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CPI'S VENTAK PRx OVERALL ONE-YEAR SURVIVAL RATE IN CLINICALS IS 86.6%

This article was originally published in The Gray Sheet

Executive Summary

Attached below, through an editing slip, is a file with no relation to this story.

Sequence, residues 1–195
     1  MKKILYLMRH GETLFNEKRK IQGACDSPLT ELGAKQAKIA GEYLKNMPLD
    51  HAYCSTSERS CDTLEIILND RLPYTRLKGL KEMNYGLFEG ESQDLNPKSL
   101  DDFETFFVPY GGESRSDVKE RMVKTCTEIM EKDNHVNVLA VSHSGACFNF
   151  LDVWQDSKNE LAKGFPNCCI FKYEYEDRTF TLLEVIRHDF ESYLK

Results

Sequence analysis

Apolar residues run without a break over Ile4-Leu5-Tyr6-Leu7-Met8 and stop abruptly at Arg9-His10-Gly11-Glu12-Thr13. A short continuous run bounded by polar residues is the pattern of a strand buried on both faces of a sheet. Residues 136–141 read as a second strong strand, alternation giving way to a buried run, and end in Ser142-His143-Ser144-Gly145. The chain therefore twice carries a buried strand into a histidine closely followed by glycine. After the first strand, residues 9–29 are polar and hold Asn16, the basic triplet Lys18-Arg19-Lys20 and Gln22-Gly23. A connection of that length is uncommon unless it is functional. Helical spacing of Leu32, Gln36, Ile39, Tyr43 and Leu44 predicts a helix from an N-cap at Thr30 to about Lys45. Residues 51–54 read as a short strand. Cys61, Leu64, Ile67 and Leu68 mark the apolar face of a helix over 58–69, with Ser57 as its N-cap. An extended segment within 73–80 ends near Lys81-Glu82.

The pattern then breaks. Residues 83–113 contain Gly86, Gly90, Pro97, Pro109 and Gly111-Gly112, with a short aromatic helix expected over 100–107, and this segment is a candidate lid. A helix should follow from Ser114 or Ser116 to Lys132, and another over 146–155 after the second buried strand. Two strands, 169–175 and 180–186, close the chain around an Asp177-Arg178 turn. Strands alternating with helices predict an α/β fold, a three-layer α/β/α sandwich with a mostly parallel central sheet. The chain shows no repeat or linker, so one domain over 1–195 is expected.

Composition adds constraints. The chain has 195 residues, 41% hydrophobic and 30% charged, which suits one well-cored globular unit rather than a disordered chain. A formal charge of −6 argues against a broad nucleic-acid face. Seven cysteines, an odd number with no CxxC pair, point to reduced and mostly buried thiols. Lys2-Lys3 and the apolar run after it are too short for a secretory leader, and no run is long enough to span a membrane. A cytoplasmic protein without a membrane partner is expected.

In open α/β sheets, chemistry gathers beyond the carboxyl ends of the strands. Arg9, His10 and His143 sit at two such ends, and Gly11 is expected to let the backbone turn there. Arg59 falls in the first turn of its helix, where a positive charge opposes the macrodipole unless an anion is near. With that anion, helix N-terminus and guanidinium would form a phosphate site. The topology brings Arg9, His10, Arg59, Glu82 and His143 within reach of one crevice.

CPI'S VENTAK PRx OVERALL ONE-YEAR SURVIVAL RATE IN CLINICALS IS 86.6%, slightly lower than the 89.4% one-year survival rate for the earlier-generation Ventak P, according to data provided in Cardiac Pacemaker Inc.'s premarket approval application for the new device. The comparative survival rates were discussed by FDA's circulatory system devices advisory panel at an Aug. 2 meeting in Bethesda, Maryland. The panel concluded that the Ventak PRx is approvable with certain modifications to labeling and software. CPI's submission to FDA included data on 372 patients, 86% of whom were male, with an average age of 63. Implants began after November 1990; the PMA included data up to March 1993. Of 14,614 spontaneous events occurring during clinicals, efficacy of initial therapy was 90% for anti-tachycardia pacing, 86% for low-energy shocks and 99.9% for high-energy shocks. The device's overall conversion rate was 99.9%. FDA asked the panel to comment on comparative overall survival rates for the Ventak PRx and Ventak P models, as well as operative mortality rates. According to the FDA reviewer for the device, the operative mortality rate for the PRx in clinical trials was 4.6%, compared with 2.7% for the Ventak P. Debra Echt, a panel member from Vanderbilt University, Nashville, Tennessee, called PRx mortality rates "comparable to other devices." According to CPI data, Echt said, the PRx's overall mortality is "in range" with the other third-generation implantable defibrillators, Ventritex' Cadence and Medtronic's PCD. Echt did, however, request that the firm include data on expected device longevity in PRx labeling. According to Wyatt Stahl, field clinical engineer for CPI, the device, which is designed to power 275 34-joule shocks, typically lasts two to three years in a patient. In a system set for 100% pacing at 5 volts output, 0.5 milliseconds and a 60 beat-per-minute heart rate, the current drain increases by about 30%, for a possible device longevity of under two years. "I think that is a substantially shorter life than...some other products," Echt said. "People should know about that." The panel also recommended that there be close postmarket surveillance for device failure because of the 5.5% rate of confirmed or alleged device failures during clinicals. CPI attributed the failure figure to the number of components in the device and the firm's conservative definition of failure. For example, CPI included in its tally of 19 returned devices a hex wrench that broke off during reoperation for lead evaluation. The firm also noted that device failure did not necessarily correspond with device inability to detect and treat arrhythmias. Although four devices were cited for seal plug damage, "if you actually pull a seal plug out of a device, it will still function normally," said Stahl. Other issues addressed by the panel included some of the device's programmable features. For example, the device allows the number of cycles between arrhythmia detection and shock therapy initiation to be programmed by the physician. Echt asked that the 20-100 cycle post-shock detection delay option be omitted from the device. After discussion with CPI, however, she withdrew that amendment. Acknowledging that the 100-beat allowance was a "little long," CPI investigator Richard Fogoros, MD, Allegheny General Hospital, Pittsburgh, maintained that "it may be reasonable to allow more than 20 post shocks." He said this "particularly becomes an issue if you have a patient who has relatively slow [ventricular tachycardia] that you may have your lowest rate zone fairly low and if you could avoid redetecting that for a period of time after the first treatment, you may have less treatments." The panel recommended that the PRx be approved for basically the same indications as the earlier device: sustained or induced tachyarrhythmia with symptoms consistent with ventricular tachycardia (VT), and use in survivors of cardiac arrest due to hemodynamically unstable ventricular tachycardia unassociated with acute myocardial infarction. CPI's proposed labeling originally stipulated that PRx patients be "inducable into sustained [VT] and or ventricular fibrillation [VF] despite conventional anti-arrhythmic drug therapy," according to FDA reviewer Carole Carey, division of cardiovascular, respiratory and neurological devices. FDA asked the panel to consider whether CPI's deletion of the drug therapy requirement was "appropriate." Patients who have "cardiomyopathy with poor ventricular function even if they're not inducable on a drug" have recurrent fibrillar mortality and sudden death rates that "are significantly higher than similar patients who get the defibrillators," according to CPI investigator Hugh Culkins, The Johns Hopkins Hospital, Baltimore, Maryland. Panel member Michael Domanski, MD, National Institutes of Health, agreed: "The efficacy of drug testing in that setting is...not demonstrated," he said. "To add that to the indication for a defibrillator would not be a good idea." Noting that VT or VF can be induced in patients for whom an implantable cardioverter-defibrillator (ICD) would not be appropriate, Domanski also recommended that the labeling be "focused much more carefully" to include only patients with additional appropriate symptoms. Without the limitation, Domanski said, "this indication would put the FDA on record as saying that the device is indicated for things for which there's simply no scientific basis." If approved by FDA, the PRx will become the third-generation pacer-cardioverter-defibrillator on the U.S. market, along with the PCD and the Cadence. The quest is now to be the first firm to market a transvenous lead in conjunction with a third-generation ICD. Although CPI has already received an approvable letter from FDA for its Endotak 60 transvenous lead system, it apparently is not yet in a position to capitalize on both technologies in the U.S. market. CPI representatives told the panel that the company has European data on 314 patients who have received the Ventak PRx with the Endotak 60; this data has not been submitted to FDA, so the firm will not be able to label the devices for use together. CPI has been marketing the Endotak 60 in Europe since December 1991; a newer version, the Endotak 70 was released there in May 1992. The firm received an investigational device exemption for and is now conducting U.S. trials on the PRx and the Endotak 70. Medtronic, whose Transvene lead system just passed panel muster, may be the first firm to market a transvenous lead system approved for use with its third-generation defibrillator.